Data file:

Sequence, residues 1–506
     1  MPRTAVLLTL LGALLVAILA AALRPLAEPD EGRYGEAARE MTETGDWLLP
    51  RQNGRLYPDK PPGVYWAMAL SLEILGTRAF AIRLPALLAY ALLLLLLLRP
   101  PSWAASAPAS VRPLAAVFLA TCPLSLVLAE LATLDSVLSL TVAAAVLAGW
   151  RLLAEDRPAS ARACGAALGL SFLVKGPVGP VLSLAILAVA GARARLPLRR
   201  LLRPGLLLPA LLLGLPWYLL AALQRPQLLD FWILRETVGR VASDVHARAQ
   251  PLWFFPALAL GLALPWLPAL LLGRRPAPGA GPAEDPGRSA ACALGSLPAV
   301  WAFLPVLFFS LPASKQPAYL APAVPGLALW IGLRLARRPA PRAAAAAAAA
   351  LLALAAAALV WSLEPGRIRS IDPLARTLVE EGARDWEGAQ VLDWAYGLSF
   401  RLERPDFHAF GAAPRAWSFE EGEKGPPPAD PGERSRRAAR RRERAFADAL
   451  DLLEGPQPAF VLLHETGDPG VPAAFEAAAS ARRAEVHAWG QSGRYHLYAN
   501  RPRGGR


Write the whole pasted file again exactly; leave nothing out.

Sequence, residues 1–506
     1  MPRTAVLLTL LGALLVAILA AALRPLAEPD EGRYGEAARE MTETGDWLLP
    51  RQNGRLYPDK PPGVYWAMAL SLEILGTRAF AIRLPALLAY ALLLLLLLRP
   101  PSWAASAPAS VRPLAAVFLA TCPLSLVLAE LATLDSVLSL TVAAAVLAGW
   151  RLLAEDRPAS ARACGAALGL SFLVKGPVGP VLSLAILAVA GARARLPLRR
   201  LLRPGLLLPA LLLGLPWYLL AALQRPQLLD FWILRETVGR VASDVHARAQ
   251  PLWFFPALAL GLALPWLPAL LLGRRPAPGA GPAEDPGRSA ACALGSLPAV
   301  WAFLPVLFFS LPASKQPAYL APAVPGLALW IGLRLARRPA PRAAAAAAAA
   351  LLALAAAALV WSLEPGRIRS IDPLARTLVE EGARDWEGAQ VLDWAYGLSF
   401  RLERPDFHAF GAAPRAWSFE EGEKGPPPAD PGERSRRAAR RRERAFADAL
   451  DLLEGPQPAF VLLHETGDPG VPAAFEAAAS ARRAEVHAWG QSGRYHLYAN
   501  RPRGGR